People have different reasons for entering the world of entrepreneurship. But if there is one thing most entrepreneurs would agree to, they are here to make more money. Entrepreneurs enjoy flexibility and creativity; most importantly, they can keep more of the profits they generate.
However, entrepreneurship also comes with its own unique set of financial challenges. Here are four money problems you may face as a new entrepreneur and how to overcome them.
1. Access to Capital
One of the first few issues you may face as an entrepreneur is an access to capital. When starting a business, you may need money for inventory, marketing, or rent. If you don’t have the means to cover these costs, you may need to look for alternative funding sources.
One option is to take out a business loan. This is a good option if you have strong credit or can use an asset as collateral. One downside is that you’ll need to pay back the loan with interest, which can cut into your profits. If you use collateral, you risk losing your personal assets if you can’t repay the loan.
Another option is to seek out investors. This can be a good option if you’re looking for a large sum of money and are willing to give up a portion of ownership in your company. However, remember that you’ll need to answer your investors, and they may want to have a say in how you run your business.
Some entrepreneurs would instead use cash to finance their businesses. This can be a good option if you have personal savings or can generate revenue quickly. Make sure you have enough money to cover unexpected costs, or you may have to take on debt.
2. Lack of Steady Income
When you have a nine-to-five job, you receive a regular paycheck. You know how much you make every month, making it easier to budget and plan your finances.
As an entrepreneur, your income can be irregular. You may have months where you make a lot of money and others where you barely make any. This unpredictability can make it hard to manage your finances and may even lead to financial problems such as debt.
According to a study, up to 51% of entrepreneurs would forgo paying themselves during the first months of operation to control their company’s cash flow. This means they rely on other sources like their savings during those months. Without a steady flow of income, you can quickly deplete your savings and may even have to take on debt.
You can overcome this by creating a budget and sticking to it. Make sure you account for lean months by setting aside money from your good months. You can also look for side hustles or other sources of income that can help you make ends meet during tough times. Experts also recommend you pay yourself a salary, even a small one, to help you cover your basic living expenses.
3. Getting Approved for Mortgage
Buying your own home is a common financial goal. But as an entrepreneur, you may have difficulty getting approved for a mortgage. This is because lenders typically consider self-employed borrowers to be high-risk.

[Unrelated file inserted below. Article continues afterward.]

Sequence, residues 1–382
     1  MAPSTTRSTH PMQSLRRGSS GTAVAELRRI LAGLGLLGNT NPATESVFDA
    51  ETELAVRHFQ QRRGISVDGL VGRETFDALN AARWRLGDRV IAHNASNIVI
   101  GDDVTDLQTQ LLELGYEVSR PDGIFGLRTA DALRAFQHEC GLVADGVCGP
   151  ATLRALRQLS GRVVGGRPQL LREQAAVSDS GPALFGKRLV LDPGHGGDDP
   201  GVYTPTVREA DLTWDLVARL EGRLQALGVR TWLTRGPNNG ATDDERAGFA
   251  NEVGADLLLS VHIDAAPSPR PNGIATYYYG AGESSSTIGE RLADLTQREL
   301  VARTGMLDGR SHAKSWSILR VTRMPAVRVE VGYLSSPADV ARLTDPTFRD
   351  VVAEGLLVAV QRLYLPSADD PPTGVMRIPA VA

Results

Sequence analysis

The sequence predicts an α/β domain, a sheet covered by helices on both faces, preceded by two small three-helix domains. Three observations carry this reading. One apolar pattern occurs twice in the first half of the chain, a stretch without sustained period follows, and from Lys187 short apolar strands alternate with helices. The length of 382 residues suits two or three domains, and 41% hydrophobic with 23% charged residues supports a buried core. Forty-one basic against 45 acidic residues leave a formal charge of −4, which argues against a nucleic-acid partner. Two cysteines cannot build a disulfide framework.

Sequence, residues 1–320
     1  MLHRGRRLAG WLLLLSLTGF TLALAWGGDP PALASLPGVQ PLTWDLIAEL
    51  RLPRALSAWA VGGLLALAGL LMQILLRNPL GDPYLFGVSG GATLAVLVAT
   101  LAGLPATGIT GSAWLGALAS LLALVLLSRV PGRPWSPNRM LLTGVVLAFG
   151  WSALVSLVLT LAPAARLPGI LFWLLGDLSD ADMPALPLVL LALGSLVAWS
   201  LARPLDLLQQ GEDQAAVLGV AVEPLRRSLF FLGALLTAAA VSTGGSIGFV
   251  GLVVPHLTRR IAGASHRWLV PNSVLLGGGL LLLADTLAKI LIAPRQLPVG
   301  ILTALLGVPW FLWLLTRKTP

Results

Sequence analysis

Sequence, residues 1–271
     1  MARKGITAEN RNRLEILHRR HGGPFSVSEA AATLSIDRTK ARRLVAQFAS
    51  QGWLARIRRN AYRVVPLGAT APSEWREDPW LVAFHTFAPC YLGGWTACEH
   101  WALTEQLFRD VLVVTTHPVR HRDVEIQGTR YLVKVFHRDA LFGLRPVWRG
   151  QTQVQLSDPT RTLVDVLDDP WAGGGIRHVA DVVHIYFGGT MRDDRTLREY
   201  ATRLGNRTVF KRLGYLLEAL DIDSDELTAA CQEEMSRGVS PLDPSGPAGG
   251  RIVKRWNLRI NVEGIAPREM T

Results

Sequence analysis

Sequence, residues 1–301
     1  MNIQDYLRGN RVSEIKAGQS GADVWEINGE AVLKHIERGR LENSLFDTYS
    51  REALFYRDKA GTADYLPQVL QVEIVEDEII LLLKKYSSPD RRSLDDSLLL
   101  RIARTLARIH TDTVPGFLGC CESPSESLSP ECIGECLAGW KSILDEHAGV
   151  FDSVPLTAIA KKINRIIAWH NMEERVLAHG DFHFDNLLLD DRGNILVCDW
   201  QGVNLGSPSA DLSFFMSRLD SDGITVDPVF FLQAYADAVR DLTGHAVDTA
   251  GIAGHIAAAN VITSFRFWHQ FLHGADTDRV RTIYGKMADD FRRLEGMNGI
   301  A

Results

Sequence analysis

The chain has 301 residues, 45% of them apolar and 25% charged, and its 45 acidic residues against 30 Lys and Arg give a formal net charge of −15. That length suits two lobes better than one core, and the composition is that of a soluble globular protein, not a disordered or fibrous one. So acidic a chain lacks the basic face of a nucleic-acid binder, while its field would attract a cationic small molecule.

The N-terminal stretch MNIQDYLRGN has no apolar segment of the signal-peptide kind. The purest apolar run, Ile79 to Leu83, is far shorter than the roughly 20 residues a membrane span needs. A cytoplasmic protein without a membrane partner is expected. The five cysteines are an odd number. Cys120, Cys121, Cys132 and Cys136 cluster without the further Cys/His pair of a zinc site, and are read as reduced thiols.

One of the main requirements for getting a mortgage is proving that you have a steady income. This can be difficult if your income as an entrepreneur is irregular. Lenders may also hesitate to approve you for a loan if your business is new and hasn’t yet generated a profit.
You can increase your chances of getting approved for a mortgage by building up your credit score and saving for a larger down payment. You should also be prepared to show the lender documentation of your income, such as tax returns or bank statements. Having a co-signer with good credit may also improve your chances of getting approved for a loan.
Don’t forget to research reputable lenders before applying for a housing loan. Find a local lender who offers quick approval, has years of experience dealing with entrepreneurs wanting to buy their house, and offers honest, upfront pre-approvals. This will help you save time and money and gives you the best chance of getting your business mortgage application approved.
Entrepreneurs often resort to borrowing money to finance their business through a loan or credit card use. If you’re not careful, this debt can quickly become unmanageable. Interest payments on your debt can eat into your profits and make it challenging to keep up with your repayments. If you miss a payment, you may damage your credit score or even default on the loan, which could lead to personal bankruptcy.
One thing entrepreneurs should learn about debt is that there is such a thing as good and bad debt. Good debt is debt used to finance something that will generate income or grow in value, such as a business or investment property. Bad debt, on the other hand, is debt for financing something that will lose value over time, such as a vacation home or luxury car.
To keep your debt manageable, ensure you only borrow what you need and can afford to repay. You should also try to get the lowest interest rate possible and make your repayments on time.
If you’re already struggling with debt, several options are available to help you get back on track. You can negotiate with creditors to lower your interest rates or monthly payments. You can also consolidate your debt into a single loan with a lower interest rate.
Starting your own business is a big undertaking with many financial struggles. From finding the right funding to managing your debts, there are many things to keep in mind when embracing entrepreneurship. However, by doing your research and careful planning, you can overcome these challenges and find success as a new entrepreneur.